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Historically Modern

A studio/office/residence on Peabody.



Modern architecture, the capital "M" kind, is now historic. "Modern" buildings can be considered for the National Register of Historic Places because they are more than 50 years old. Modernism, also known as the International Style, touted the development of universally valid forms with no connection to the decadent styles and outmoded materials of the past. The movement flourished from the early 20th century until about 1960. Though hailed by avant-garde architects and intellectuals as the panacea for society's ills, Modern architecture was never a big hit with the general public, its intended beneficiary. Despite its resounding unpopularity, Modernism remained the darling of architects for many years.

In 1952, Memphis architects Lucian M. Dent and Alfred L. Aydelott built an office for their firm; a Memphis Press-Scimitar article described it as "a one-story office building of extremely modern design." Aydelott used his considerable influence at city hall to get a variance to build the office in a residential area. The site on Peabody was just down the street from Mayor E.H. Crump's Colonial Revival house.

Dent and Aydelott seemed to be a partnership of diametrically opposed architectural philosophies. Dent, involved in restoring Colonial Williamsburg, usually worked in a Classical and Colonial vocabulary. Aydelott was an early and devoted proponent of Modernism. The design they produced for their office melds the stylistic influences of both partners.

The site is bounded by garden walls which accentuate the corner location while screening the building from view. Both the office and the garden walls are brick. A serpentine wall along Florence Street was undoubtedly influenced by Thomas Jefferson's design for the garden walls at the University of Virginia in Charlottesville. But the undulating wall also strongly resembles swoopy '40s and '50s designs, such as kidney-shaped swimming pools, boomerang-patterned Formica, the golden arches of McDonald's, and New York's Guggenheim Museum. The almost-circular end of the wall forms a garden court at the entrance. The front door is sheltered by a deep roof overhang and partially enclosed by a high brick wall perpendicular to Peabody Avenue.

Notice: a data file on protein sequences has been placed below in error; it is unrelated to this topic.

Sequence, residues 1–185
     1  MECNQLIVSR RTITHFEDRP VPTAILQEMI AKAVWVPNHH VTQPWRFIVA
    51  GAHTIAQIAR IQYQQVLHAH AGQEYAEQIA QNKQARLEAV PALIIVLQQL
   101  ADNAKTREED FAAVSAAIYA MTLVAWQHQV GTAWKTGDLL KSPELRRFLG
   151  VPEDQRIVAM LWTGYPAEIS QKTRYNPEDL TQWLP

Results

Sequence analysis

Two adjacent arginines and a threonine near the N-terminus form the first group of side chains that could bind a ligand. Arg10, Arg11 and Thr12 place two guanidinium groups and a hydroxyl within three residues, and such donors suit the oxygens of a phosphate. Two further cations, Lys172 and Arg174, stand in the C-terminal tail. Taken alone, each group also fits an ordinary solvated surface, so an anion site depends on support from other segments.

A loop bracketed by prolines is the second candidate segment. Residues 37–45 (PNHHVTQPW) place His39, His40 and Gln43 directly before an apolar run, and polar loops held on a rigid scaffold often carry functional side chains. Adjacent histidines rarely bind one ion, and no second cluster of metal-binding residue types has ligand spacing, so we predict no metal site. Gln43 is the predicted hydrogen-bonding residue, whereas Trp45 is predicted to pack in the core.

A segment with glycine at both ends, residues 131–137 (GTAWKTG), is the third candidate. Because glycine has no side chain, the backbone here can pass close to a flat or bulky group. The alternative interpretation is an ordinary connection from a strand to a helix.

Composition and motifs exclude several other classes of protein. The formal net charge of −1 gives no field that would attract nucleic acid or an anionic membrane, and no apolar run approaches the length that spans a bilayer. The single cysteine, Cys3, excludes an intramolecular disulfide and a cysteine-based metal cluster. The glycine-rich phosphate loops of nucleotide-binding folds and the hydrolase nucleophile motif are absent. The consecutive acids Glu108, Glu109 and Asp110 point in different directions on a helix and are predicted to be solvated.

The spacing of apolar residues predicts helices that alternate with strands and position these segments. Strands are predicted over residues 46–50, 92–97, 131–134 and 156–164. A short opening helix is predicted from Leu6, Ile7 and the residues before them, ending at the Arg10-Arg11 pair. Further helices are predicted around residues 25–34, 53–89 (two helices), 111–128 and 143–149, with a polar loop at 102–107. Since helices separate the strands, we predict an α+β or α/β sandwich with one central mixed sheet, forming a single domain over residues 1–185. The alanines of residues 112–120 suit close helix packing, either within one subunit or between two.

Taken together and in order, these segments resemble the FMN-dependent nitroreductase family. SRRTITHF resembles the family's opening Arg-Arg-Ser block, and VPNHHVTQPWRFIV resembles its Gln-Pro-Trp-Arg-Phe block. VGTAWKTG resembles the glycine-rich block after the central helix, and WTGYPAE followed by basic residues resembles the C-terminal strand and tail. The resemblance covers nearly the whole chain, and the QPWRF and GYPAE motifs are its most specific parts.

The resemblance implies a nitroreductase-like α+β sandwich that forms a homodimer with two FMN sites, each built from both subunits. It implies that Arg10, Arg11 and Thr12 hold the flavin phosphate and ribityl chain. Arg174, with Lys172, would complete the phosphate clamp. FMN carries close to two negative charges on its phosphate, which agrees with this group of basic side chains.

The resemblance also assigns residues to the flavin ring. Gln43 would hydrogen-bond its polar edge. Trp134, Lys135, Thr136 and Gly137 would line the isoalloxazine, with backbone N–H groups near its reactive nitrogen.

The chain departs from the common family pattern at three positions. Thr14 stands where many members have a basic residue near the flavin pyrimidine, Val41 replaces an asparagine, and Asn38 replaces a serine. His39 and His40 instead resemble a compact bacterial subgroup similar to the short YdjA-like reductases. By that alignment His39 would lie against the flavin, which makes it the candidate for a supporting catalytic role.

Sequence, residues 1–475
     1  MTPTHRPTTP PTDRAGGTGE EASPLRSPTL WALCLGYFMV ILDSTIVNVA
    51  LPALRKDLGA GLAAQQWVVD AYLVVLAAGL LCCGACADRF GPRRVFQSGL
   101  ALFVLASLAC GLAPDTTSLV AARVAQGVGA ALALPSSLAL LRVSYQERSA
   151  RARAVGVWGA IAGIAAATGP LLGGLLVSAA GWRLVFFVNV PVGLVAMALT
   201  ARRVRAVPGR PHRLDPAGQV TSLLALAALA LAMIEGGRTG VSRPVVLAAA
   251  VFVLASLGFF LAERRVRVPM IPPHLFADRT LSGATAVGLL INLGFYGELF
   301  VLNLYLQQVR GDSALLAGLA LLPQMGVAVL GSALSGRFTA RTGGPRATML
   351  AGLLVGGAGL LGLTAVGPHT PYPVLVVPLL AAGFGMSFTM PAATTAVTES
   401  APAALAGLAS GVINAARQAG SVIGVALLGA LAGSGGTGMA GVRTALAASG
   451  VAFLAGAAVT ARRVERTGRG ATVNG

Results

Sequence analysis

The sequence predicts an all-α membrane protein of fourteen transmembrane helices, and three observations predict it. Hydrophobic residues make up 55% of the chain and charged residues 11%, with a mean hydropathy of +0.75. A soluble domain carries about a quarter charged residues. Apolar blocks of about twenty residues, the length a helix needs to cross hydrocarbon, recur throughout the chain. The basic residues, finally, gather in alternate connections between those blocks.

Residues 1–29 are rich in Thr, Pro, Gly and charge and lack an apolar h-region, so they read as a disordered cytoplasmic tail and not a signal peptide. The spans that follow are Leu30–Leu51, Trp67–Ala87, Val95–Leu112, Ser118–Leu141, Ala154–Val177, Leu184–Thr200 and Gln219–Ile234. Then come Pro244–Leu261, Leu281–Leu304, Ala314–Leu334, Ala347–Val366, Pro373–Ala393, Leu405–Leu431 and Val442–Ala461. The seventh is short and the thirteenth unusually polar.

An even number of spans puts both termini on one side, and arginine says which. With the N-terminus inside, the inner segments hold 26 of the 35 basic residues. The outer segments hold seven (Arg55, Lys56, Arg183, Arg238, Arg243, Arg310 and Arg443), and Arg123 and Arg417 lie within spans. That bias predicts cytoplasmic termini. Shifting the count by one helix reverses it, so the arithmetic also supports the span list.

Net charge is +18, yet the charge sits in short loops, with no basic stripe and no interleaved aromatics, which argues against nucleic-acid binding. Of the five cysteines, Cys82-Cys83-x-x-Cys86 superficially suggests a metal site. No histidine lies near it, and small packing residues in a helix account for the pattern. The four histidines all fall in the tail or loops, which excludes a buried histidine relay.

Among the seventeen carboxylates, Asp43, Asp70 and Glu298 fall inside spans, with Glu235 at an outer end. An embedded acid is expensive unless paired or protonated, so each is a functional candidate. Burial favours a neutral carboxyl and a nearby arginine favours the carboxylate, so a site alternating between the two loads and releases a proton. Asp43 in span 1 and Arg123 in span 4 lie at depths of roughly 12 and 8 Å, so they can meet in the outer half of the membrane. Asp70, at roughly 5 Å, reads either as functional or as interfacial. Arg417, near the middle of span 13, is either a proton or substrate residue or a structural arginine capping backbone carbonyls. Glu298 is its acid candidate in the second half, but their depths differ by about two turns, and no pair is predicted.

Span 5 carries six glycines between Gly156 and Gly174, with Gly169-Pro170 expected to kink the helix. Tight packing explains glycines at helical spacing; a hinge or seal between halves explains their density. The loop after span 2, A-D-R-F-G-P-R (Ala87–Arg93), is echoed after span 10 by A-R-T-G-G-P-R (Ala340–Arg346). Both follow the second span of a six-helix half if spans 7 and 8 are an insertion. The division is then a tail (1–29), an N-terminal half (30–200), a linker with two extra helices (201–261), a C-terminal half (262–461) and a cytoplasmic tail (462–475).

The interior spaces achieve the Modern ideal of integration with the outdoors: Full-height glass walls provide protection from the weather but no visual separation from the surrounding gardens. Dark terrazzo floors with their patterns of tiny stones emphasize the connection of interior and exterior spaces and materials.

Although built as an office and studio, this dynamic composition offers exceptional flexibility in its potential uses. The original office reception area functions well as a residential entry hall. The conference room, with two glass walls and one wall of long, narrow Roman bricks of a type favored by Frank Lloyd Wright, makes a splendid living room or home office. The large kitchen is minimally equipped but has plenty of room for more appliances, storage, and work areas. It "borrows" a garden view through a breakfast room/pantry room across the corridor that was the architects' blueprint room. Three rooms that were partners' offices would work equally well as bedrooms with full-width, ribbon windows.

The drafting room, a 30-by-50-foot space with wall-to-wall, 15-foot-tall, north-facing windows and a clerestory on the south side, could be an artist's studio, a home theater, an exercise room, or open-plan office for six to eight people. It has fabulous light, a pleasant view of a quiet residential street, and a door that opens into the garden.

Dent and Aydelott's office, although half a century old, offers a dramatic setting for a home, an office, a studio, or a combination of those functions, affirming the Modernists' belief in the enduring value of flexible, "universal" design.

2080 Peabody Avenue

3,400 square feet, 3 bedrooms, 1 1/2 baths

$2,500/month, For lease by owner, 276-9070

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